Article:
When you hire a bankruptcy lawyer, you probably assume that lawyer or another attorney from that lawyer’s firm will be with you when you “go to court.” (The technical name for the court hearing is the “341 meeting of creditors.”) But depending on what lawyer you hire, you might be wrong. A few clues that you should look for to see if your lawyer will actually be with you all the way through the case:
- Is your lawyer physically located in the same area where the courthouse is located? If not, the lawyer will probably try to find a local attorney who knows little or nothing about your case to stand in for them.
- Have you ever met face-to-face with your lawyer? If you never have a face-to-face meeting with your lawyer, that is an indication that the lawyer may not be planning to go to court with you.
- Does your lawyer do everything by a website, e-mail or phone? This is another indication that the lawyer might not be in the area and therefore, might not personally attend your hearing.
- Hire a local lawyer. If you hire a local lawyer, there is a much better chance that the lawyer will appear with you in court.
- Lastly, you should ask your lawyer if they will be personally present with you at the 341 meeting. Now, there are occasional scheduling issues which might prevent a lawyer from personally appearing at the 341. What you want to avoid is the situation where a lawyer regularly relies on outside counsel to handle court appearances.
And there is also a significant risk to the lawyers who routinely hire outside counsel to attend bankruptcy court hearings. In a recent case out of Michigan, the court examined one of these arrangements. The bankruptcy lawyer did not appear with the client at the court hearing (which was apparently the lawyer’s regular practice) and paid a local attorney (not a member of the bankruptcy lawyer’s firm) $100 to attend instead. This payment was not disclosed to the court. The court ordered that the bankruptcy lawyer refund $500 to the client for substandard legal representation and as a sanction for failing to make the full disclosures required by bankruptcy law. The court described the problem as follows:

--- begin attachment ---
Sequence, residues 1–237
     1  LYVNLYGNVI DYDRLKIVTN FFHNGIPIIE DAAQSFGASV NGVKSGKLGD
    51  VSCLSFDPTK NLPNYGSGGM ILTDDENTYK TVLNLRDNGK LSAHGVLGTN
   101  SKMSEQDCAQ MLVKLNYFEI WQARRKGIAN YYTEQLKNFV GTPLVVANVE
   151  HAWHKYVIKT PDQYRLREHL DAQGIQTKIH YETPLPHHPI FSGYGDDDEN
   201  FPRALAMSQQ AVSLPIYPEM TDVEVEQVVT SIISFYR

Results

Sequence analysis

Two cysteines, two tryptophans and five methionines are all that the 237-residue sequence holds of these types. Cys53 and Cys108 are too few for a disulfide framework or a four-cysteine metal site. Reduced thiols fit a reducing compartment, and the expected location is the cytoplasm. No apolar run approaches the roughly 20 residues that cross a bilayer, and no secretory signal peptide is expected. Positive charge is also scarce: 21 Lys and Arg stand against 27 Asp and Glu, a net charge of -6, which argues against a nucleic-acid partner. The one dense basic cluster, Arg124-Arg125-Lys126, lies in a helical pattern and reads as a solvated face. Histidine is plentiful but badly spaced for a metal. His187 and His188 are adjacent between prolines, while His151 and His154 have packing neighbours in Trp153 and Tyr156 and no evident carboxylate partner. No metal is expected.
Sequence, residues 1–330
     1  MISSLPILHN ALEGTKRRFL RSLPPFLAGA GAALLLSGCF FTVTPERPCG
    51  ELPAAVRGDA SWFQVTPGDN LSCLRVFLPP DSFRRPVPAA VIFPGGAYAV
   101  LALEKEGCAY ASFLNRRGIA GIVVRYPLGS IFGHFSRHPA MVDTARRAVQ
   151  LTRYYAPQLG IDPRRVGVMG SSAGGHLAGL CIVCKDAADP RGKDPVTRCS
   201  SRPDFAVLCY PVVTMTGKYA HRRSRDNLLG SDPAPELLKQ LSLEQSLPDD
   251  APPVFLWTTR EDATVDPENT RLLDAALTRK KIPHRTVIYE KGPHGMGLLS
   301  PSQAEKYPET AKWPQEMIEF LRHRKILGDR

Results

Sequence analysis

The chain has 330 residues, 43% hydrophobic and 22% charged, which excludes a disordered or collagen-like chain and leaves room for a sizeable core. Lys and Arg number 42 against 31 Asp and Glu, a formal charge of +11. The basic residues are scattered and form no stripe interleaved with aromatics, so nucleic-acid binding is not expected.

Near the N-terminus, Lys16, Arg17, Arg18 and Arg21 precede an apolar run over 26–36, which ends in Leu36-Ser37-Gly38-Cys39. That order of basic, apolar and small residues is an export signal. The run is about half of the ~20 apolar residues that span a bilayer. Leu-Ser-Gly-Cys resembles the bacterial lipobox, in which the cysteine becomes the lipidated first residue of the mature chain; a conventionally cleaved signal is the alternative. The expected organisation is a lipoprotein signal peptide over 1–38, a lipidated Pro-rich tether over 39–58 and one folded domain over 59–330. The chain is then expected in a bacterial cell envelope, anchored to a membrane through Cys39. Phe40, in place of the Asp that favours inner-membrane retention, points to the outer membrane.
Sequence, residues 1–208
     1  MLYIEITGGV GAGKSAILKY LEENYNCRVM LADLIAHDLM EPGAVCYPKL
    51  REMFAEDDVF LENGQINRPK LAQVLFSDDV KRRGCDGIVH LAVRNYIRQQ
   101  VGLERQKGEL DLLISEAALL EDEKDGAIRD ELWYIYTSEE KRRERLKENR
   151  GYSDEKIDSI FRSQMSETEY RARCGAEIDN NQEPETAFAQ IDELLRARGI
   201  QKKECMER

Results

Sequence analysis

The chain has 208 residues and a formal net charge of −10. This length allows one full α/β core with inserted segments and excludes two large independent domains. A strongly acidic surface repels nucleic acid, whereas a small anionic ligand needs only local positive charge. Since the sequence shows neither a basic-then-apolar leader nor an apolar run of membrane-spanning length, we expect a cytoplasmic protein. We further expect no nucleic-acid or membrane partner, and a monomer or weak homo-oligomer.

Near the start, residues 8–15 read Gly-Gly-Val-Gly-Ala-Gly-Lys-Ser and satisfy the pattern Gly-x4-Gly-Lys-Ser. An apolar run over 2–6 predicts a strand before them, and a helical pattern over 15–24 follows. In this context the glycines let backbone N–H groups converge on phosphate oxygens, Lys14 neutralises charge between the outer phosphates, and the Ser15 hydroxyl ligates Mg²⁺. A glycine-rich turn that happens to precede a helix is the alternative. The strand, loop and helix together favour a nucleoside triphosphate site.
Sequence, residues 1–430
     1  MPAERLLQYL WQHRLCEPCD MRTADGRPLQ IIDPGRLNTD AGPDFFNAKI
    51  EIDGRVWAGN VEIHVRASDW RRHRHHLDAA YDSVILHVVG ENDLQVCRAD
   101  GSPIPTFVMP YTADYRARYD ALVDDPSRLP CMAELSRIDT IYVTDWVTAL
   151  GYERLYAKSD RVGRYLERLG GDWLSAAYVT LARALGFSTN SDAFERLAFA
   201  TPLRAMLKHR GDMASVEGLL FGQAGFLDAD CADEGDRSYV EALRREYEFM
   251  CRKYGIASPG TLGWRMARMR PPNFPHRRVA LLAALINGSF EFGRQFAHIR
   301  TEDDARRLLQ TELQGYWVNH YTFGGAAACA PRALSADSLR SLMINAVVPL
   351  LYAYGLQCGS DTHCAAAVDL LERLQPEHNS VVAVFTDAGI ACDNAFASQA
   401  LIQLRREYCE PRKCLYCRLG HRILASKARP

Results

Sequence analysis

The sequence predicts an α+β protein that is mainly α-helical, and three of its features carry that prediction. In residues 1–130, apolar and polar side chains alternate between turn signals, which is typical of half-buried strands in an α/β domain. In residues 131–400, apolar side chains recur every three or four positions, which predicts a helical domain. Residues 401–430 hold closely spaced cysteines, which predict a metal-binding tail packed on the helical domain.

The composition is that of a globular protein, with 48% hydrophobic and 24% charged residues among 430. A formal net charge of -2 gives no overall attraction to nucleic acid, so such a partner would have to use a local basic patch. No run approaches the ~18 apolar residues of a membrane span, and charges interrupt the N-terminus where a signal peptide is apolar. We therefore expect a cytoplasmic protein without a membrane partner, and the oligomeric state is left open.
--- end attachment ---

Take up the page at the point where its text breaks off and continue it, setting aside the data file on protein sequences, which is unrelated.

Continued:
More important than this lapse, however, is the fact that [bankruptcy lawyer] left the Debtor to attend her first meeting of creditors, the only hearing the Debtor was required to attend throughout the course of her case, with an attorney she did not know or retain. Although the Debtor offered no specific criticism of [appearance attorney], the court infers she was not pleased with the last-minute substitution, and that she believed she did not get the full benefit of her bargain with [bankruptcy lawyer]. Had the Debtor wanted to retain [appearance attorney], she could have done so; instead, she chose [bankruptcy lawyer].
So, to sum up, there are many quality bankruptcy attorneys in this local area. Choose one of them over someone out of the area. And feel free to ask your attorney if they or someone from their firm will be personally appearing with you at the meeting of creditors.